General English

  • noun an occasion on which something is changed
  • noun money which you get back when you have given more than the correct price
  • verb to become different, or make something different
  • verb to put on different clothes
  • verb to use or have something in place of something else
  • verb to give one country’s money for another

General Science

  • verb to use one thing instead of another


  • noun money in coins or small notes.
  • noun money given back by the seller, when the buyer can pay only with a larger note or coin than the amount asked
  • noun an alteration of the way something is done or of the way work is carried out
  • verb to give one type of currency for another

Cars & Driving

  • verb to select and engage a gear
  • verb to take away and put something new or different in its place


  • In construction, a deviation in the design or scope of the work as defined in the plans and specifications that are the basis for the original contract.


  • noun
    Same as change-bowler
    Citation ‘They are generally moderate bowlers … who are often very valuable to their side as changes’ (Badminton 1888)
  • noun a type of delivery that is not a bowler’s standard or ‘stock’ ball, but is bowled occasionally to create an element of surprise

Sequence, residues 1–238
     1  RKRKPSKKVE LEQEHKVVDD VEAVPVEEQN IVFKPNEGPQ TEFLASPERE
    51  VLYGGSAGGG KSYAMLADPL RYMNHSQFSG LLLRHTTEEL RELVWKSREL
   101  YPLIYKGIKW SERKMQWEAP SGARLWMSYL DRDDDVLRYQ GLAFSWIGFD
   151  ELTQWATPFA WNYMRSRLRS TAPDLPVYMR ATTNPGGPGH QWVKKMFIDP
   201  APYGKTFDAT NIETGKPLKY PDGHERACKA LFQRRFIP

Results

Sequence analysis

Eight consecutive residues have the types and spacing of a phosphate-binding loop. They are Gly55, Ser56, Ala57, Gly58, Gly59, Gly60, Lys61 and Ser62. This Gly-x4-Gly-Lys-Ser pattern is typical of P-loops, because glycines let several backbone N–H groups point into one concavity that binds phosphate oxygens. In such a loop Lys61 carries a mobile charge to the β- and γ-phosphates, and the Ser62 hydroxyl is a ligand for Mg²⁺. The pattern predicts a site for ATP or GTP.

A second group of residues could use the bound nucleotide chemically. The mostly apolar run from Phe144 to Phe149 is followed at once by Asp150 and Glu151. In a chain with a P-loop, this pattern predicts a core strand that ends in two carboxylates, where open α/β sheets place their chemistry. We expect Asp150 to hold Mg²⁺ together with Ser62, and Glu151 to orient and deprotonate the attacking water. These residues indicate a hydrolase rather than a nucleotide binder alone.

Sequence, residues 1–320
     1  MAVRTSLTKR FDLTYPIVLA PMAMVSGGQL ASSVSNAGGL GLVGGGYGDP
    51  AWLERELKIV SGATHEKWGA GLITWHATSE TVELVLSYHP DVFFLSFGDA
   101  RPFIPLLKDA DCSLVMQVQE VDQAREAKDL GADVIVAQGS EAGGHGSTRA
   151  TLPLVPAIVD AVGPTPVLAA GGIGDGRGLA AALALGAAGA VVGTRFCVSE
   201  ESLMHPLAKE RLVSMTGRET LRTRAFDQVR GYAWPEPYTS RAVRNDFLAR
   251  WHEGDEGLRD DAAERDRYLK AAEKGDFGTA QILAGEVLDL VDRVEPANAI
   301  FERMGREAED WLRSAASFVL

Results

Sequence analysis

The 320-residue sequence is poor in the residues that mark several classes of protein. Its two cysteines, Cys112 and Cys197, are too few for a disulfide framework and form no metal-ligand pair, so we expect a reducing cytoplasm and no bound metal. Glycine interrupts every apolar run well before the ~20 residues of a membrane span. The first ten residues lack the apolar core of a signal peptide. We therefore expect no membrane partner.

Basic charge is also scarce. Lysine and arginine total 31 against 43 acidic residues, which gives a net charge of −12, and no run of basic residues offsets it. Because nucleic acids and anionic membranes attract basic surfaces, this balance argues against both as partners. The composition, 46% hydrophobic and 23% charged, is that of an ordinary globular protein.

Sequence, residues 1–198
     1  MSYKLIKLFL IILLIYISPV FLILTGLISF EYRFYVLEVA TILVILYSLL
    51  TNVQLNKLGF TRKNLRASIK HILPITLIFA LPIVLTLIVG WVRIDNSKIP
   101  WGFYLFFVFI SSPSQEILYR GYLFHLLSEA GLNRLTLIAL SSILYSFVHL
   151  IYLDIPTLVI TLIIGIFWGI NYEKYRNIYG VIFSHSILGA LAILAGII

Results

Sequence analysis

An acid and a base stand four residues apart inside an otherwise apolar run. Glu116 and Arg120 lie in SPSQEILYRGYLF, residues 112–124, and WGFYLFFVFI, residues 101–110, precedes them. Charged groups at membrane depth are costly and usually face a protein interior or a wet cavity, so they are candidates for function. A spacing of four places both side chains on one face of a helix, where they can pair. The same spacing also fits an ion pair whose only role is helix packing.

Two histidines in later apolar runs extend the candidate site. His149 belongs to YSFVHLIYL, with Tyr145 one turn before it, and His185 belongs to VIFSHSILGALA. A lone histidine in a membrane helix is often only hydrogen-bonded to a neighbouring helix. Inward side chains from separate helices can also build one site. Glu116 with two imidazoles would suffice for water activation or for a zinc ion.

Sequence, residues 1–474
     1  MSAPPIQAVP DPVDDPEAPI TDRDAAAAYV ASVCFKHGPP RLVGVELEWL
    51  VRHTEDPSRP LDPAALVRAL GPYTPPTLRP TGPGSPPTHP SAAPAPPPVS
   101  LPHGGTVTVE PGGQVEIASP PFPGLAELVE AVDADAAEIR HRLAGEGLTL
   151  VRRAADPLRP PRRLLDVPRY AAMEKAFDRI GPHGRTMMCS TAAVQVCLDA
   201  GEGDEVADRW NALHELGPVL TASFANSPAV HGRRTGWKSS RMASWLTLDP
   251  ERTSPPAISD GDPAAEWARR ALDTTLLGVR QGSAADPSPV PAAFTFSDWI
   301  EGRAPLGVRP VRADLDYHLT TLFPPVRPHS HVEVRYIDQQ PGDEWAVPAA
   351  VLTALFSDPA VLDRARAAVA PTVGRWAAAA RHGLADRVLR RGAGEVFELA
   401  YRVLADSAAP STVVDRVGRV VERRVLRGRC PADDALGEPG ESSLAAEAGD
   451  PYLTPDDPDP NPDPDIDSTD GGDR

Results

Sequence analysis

Citation ‘Discovering that the wily Trinidadian could not turn his leg-break significantly on the hard Sydney wicket, Hassett … played him as an off-spinner with a straight ball as his change’ (Manley 1988)


  • noun the act of getting off one train, aircraft or bus and getting onto another one to complete your journey
  • verb to get off a train, aircraft or bus and get onto another one
  • verb to take off one set of clothes and put on another

Origin & History of “change”

Change goes back ultimately to Latin cambīre ‘barter’, which is probably of Celtic ancestry. A later form of the verb was cambiāre, whose most readily recognizable descendants are probably Italian cambio, which appears outside currency-exchange shops, and English cambium ‘layer of plant tissue’ (17th c.), coined from the notion that it ‘changes’ into new layers. Another branch of development, however, was to Old French changier, source of English change.